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On the Age and Size Distribution of Business Firms


  • Erzo G.J. Luttmer


This paper presents an analytically tractable model in which firm dynamics is driven by technology adoption and fixed costs. Existing firms experience idiosyncratic changes in technology. On average, the rate of technological progress among existing firms is slower than that of the frontier technology, and this leads to firms exiting eventually. The stationary distribution of firm size and age is characterized explicitly, allowing for several forms of firm heterogeneity. If firms only differ in terms of the variable factor productivity shocks they experience, then the size distribution has a right-tail that is Pareto. The tail index of this distribution depends on the difference between the average rate of technological progress among existing firms, and the rate at which the frontier technology improves over time. In one version of the model, this difference is related to the strength of technology spillovers. The model is calibrated to data from the US Census of Manufactures. With heterogeneity in fixed costs, the model can very closely match the observed joint age-size distribution, as well as the observed age and size contingent growth and exit rates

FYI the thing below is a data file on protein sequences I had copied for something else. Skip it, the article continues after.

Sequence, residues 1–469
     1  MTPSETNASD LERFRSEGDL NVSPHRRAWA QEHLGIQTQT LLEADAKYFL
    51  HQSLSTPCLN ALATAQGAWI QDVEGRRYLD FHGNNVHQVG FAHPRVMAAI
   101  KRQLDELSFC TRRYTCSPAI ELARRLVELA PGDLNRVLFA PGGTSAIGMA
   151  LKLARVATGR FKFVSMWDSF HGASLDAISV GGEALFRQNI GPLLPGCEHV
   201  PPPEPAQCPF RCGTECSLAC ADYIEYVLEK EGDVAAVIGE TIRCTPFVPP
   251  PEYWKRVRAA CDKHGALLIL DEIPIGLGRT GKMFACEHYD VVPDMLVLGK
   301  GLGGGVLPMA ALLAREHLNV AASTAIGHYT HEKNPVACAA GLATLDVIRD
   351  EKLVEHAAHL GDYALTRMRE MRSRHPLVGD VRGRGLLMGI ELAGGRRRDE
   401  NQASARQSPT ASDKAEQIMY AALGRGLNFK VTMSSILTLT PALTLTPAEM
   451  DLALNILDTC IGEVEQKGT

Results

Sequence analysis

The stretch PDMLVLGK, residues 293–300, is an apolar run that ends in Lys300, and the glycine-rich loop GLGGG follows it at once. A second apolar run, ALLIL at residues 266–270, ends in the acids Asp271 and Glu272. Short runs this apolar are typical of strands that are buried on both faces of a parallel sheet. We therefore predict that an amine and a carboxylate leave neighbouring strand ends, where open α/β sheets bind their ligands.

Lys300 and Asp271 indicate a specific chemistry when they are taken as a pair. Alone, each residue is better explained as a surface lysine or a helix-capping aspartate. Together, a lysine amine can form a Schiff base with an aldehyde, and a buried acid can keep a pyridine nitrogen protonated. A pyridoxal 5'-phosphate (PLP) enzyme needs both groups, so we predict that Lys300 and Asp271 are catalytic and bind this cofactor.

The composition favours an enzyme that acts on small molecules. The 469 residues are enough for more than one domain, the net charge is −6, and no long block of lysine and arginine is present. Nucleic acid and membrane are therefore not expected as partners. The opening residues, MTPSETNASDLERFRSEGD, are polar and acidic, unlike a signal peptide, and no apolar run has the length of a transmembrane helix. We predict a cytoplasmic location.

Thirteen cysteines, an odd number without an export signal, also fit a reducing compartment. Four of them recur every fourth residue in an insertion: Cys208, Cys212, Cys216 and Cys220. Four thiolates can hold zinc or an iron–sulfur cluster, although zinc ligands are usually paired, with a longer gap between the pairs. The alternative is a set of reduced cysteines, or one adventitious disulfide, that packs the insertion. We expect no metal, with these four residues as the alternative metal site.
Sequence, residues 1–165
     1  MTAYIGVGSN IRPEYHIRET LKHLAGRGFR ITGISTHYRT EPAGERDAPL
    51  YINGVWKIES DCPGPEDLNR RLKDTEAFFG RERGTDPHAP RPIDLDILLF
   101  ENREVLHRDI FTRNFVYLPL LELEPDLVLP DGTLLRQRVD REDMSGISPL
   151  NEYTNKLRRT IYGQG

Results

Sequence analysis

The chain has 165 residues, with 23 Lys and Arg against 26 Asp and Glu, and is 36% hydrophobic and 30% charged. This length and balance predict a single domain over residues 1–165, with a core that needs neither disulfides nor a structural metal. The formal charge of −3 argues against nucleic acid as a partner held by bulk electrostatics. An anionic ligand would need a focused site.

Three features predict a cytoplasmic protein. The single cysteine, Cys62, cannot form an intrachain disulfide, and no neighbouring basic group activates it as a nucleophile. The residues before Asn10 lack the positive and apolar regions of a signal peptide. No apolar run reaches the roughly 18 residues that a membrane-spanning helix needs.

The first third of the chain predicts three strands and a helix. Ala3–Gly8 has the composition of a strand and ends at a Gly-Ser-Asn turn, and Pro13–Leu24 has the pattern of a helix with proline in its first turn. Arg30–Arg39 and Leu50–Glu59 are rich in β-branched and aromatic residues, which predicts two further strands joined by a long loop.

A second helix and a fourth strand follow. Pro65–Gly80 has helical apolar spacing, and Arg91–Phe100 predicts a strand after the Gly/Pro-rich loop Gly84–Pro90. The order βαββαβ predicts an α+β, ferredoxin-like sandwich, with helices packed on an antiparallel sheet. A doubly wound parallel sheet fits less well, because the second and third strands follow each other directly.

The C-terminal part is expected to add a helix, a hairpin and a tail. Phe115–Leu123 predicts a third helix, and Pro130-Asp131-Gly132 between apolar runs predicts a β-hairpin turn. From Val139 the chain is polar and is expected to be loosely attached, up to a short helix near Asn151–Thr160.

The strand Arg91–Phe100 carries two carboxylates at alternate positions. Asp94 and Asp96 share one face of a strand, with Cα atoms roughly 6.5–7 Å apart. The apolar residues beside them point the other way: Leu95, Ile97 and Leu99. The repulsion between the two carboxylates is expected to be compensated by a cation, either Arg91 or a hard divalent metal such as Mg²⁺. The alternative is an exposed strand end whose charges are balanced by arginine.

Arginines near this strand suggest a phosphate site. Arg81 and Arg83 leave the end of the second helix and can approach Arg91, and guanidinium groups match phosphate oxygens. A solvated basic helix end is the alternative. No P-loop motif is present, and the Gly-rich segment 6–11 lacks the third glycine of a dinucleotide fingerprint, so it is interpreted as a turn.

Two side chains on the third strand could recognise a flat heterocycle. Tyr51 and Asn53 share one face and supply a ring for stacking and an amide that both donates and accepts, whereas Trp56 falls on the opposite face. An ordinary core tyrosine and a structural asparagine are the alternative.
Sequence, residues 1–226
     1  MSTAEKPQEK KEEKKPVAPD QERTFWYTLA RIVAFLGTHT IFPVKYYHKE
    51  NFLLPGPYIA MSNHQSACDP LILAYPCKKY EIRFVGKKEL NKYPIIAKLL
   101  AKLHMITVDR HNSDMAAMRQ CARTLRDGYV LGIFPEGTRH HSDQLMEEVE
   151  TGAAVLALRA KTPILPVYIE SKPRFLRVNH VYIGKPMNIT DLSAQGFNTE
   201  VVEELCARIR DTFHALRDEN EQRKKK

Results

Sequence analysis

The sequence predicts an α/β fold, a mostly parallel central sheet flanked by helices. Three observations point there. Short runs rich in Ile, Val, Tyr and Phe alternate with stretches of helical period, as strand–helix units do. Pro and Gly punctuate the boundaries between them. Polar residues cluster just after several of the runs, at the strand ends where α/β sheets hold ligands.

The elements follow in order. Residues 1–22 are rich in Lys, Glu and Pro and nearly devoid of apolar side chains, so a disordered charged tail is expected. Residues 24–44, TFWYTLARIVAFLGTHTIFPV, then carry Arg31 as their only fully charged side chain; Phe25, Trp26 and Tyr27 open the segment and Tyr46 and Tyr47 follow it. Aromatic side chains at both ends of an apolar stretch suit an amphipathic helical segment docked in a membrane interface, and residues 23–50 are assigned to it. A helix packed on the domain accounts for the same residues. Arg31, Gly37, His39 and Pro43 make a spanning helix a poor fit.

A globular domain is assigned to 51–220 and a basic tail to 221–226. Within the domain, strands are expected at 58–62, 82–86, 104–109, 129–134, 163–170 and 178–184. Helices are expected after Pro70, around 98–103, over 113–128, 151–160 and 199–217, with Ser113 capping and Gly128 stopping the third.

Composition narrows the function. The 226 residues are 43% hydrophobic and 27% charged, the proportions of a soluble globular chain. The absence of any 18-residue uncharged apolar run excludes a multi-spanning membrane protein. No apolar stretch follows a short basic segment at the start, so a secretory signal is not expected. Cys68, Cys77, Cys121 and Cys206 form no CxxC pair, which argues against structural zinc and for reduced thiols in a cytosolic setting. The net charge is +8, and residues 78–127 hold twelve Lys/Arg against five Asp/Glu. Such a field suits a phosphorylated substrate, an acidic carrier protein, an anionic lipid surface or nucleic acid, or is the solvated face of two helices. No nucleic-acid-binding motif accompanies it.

Suggested Citation

  • Erzo G.J. Luttmer, 2004. "On the Age and Size Distribution of Business Firms," 2004 Meeting Papers 686, Society for Economic Dynamics.
  • Handle: RePEc:red:sed004:686

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    Cited by:

    1. Erzo G. J. Luttmer, 2004. "The size distribution of firms in an economy with fixed and entry costs," Working Papers 633, Federal Reserve Bank of Minneapolis.

    More about this item


    firm dynamics;

    JEL classification:

    • D21 - Microeconomics - - Production and Organizations - - - Firm Behavior: Theory
    • D24 - Microeconomics - - Production and Organizations - - - Production; Cost; Capital; Capital, Total Factor, and Multifactor Productivity; Capacity
    • O14 - Economic Development, Innovation, Technological Change, and Growth - - Economic Development - - - Industrialization; Manufacturing and Service Industries; Choice of Technology


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